"Under Winter, plaintiffs seeking a preliminary injunction must establish that (1) they are likely to succeed on the merits; (2) they are likely to suffer irreparable harm in the absence of preliminary relief; (3) the balance of equities tips in their favor; and (4) a preliminary injunction is in the public interest." Sierra Forest Legacy v. Rey, 577 F.3d 1015, 1021 (9th Cir. 2009).

IV. LEGAL ANALYSIS

A. LIKELIHOOD OF SUCCESS ON THE MERITS

1. Federal Enhanced Voucher Provisions

Federal law mandates Defendant to accept enhanced vouchers. In 1999, Congress enacted the Enhanced Voucher statute to ensure continued rental assistance when tenants face an opt-out situation. Pub. L. No. 106-74, § 531, 113 Stat. 1047, 1113 (1999). The vouchers are called "enhanced vouchers" because they are designed to cover any market-reasonable rents that exceed the ordinary subsidy limit set by the local public housing authority for its regular Housing Choice Voucher program, and because they provide tenants with an "election to remain." See 42 U.S.C. § 1437f(t), as amended by Pub. L. No. 106-246, § 2801, 114 Stat. 511, 569 (July 13, 2000). HUD's Section 8 Renewal Policy Guide further clarifies that this statute establishes a "right to remain." HUD, SECTION 8 RENEWAL POLICY, Sec. 11-3(B) (as revised Jan. 15, 2008) ("tenants who receive an enhanced voucher have the right to remain in their units as long as the units are offered for rental housing when issued an enhanced voucher sufficient to pay the rent charged for the unit, provided that the rent is reasonable. Owners may not terminate the tenancy of a tenant who exercises this right except for cause under Federal, State, or local law.").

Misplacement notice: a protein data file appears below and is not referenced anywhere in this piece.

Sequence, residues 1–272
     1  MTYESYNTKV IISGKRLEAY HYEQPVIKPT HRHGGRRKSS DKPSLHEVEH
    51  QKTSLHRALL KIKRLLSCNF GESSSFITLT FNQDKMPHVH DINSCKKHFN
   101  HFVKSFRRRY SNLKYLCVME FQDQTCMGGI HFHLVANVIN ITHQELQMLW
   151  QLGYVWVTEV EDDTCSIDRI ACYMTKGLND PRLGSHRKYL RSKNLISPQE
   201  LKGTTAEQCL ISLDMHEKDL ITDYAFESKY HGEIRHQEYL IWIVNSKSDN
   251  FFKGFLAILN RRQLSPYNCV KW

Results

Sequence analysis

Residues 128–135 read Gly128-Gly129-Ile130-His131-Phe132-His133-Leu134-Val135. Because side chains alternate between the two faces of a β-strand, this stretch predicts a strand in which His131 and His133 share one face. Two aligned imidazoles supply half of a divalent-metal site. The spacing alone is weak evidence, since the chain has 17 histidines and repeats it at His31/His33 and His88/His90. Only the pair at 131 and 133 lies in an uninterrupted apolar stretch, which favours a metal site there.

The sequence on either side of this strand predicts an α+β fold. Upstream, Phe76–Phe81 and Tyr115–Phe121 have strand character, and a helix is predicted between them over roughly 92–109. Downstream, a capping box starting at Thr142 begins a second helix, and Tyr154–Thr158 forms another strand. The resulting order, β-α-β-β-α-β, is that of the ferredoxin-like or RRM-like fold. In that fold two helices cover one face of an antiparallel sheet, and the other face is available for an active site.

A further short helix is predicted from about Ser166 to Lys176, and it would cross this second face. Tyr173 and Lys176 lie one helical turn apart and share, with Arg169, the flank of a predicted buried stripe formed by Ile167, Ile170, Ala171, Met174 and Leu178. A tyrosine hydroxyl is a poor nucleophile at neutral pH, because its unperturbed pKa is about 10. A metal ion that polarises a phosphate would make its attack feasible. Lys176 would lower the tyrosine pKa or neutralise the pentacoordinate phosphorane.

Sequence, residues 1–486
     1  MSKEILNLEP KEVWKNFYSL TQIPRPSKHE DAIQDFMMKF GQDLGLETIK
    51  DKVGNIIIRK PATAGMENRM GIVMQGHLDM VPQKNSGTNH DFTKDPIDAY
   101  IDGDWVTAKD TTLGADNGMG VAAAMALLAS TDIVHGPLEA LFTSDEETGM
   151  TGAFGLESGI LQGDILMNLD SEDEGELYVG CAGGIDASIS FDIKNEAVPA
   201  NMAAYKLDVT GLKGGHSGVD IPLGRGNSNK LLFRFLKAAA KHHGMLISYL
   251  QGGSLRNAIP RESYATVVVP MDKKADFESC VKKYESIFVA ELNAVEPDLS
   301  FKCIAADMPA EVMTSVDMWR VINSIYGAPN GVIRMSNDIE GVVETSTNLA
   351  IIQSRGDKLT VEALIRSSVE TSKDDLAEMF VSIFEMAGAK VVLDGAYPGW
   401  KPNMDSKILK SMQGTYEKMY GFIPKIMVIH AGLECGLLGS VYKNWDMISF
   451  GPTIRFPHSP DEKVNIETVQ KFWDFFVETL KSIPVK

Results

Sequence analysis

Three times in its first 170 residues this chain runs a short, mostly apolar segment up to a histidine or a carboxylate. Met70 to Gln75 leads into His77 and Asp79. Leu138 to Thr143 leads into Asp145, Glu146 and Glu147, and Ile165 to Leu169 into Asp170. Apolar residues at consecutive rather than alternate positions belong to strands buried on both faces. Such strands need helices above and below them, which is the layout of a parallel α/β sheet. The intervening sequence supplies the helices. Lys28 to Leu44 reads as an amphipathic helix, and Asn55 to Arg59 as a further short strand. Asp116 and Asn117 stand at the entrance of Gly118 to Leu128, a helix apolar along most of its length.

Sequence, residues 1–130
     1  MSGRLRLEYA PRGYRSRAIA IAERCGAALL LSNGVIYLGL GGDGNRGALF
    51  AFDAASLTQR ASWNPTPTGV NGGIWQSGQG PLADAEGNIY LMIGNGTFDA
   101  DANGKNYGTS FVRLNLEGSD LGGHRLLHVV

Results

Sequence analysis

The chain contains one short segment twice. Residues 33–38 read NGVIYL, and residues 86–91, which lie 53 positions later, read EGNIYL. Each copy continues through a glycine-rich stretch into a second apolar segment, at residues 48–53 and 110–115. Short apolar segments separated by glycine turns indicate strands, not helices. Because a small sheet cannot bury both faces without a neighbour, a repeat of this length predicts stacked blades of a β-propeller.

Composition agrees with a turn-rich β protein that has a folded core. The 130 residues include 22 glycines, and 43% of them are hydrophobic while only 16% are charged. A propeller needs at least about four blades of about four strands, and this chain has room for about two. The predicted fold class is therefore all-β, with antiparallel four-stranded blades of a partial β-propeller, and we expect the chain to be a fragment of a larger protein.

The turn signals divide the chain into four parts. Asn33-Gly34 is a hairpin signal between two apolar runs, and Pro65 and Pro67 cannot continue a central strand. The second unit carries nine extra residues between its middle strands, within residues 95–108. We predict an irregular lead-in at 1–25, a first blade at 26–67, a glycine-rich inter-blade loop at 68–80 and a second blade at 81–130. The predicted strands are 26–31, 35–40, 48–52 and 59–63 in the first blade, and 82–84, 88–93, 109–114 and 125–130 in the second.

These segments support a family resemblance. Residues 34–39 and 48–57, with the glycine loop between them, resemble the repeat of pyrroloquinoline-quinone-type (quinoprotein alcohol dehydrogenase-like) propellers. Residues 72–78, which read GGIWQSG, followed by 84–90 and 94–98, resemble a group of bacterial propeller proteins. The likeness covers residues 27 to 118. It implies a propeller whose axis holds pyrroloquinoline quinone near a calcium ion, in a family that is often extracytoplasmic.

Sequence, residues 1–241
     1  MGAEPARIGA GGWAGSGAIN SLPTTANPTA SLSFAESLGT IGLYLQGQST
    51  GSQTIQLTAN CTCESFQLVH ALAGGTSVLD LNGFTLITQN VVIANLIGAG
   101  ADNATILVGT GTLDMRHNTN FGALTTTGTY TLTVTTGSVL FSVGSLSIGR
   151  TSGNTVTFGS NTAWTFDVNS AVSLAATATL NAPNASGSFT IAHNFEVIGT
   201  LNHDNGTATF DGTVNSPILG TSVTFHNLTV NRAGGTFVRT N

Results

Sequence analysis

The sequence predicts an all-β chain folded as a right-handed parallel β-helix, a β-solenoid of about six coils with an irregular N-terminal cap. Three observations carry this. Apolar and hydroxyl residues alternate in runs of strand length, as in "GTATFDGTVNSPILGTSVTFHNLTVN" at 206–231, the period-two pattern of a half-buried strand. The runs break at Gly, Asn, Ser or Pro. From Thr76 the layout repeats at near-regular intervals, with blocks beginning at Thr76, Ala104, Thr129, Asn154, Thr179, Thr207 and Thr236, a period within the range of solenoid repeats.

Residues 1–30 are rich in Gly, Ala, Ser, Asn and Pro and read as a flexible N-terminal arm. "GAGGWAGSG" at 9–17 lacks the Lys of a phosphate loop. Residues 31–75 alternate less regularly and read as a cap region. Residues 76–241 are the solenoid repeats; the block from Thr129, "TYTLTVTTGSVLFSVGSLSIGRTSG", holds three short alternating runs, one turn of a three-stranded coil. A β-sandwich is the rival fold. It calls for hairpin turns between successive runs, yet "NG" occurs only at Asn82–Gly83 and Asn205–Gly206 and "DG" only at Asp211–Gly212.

Pursuant to federal requirements, Defendant also certified, in its July 25, 2008 opt-out notice, that he would honor the tenants' right to remain with voucher assistance. See id., Ch. 8, at ¶ 8-1 (requiring owner's notice to certify that it will honor the right to remain), ¶ 11-4C and App 11-1; see also id. at Ch. 1, ¶ 1-5.I ("Owners must certify on the Option 6 Renewal Form [for opt-outs] that they will comply with the requirement to allow families receiving enhanced vouchers who elect to remain to do so as long as the property remains a rental property, unless the owner has just cause for eviction.").